Andrew McWilliam, Shepherd, Christopher J.: Haunted Houses and Ghostly Encounters. Ethnography and Animism in East Timor 1860–1975. Singapore: NUS Press; Copenhagen: NIAS Press, 2019. 326 pp. ISBN 978-​87-​7694-​267-​0. Price: € 28,55 in:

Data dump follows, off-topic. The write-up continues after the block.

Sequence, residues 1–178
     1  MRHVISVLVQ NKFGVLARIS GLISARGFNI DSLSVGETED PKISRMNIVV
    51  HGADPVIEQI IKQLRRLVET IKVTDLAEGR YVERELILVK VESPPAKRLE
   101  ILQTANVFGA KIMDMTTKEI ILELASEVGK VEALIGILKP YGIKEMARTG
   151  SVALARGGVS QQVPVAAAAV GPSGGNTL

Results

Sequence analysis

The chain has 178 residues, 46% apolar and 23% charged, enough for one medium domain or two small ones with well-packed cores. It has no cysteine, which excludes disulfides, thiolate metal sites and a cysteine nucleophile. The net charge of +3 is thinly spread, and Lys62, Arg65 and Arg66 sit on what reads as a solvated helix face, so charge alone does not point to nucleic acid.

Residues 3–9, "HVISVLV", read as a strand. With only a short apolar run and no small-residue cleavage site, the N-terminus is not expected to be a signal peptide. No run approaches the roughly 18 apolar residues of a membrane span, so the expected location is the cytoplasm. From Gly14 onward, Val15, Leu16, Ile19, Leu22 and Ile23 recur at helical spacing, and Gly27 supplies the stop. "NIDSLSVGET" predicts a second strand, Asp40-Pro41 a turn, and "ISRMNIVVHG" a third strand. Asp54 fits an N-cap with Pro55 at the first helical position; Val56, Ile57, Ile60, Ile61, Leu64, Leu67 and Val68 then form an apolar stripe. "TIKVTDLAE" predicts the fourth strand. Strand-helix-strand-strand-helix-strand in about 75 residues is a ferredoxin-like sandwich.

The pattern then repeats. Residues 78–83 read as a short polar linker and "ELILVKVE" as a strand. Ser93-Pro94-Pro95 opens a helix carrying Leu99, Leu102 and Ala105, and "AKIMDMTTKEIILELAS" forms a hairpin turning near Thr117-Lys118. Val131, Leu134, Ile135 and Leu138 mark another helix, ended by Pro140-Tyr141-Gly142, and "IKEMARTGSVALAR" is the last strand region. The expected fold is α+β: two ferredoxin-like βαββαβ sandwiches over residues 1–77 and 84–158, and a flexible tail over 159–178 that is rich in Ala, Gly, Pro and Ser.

Anthropos, page 278 - 279

Anthropos, Volume 115 (2020), Issue 1, ISSN: 0257-9774, ISSN online: 0257-9774,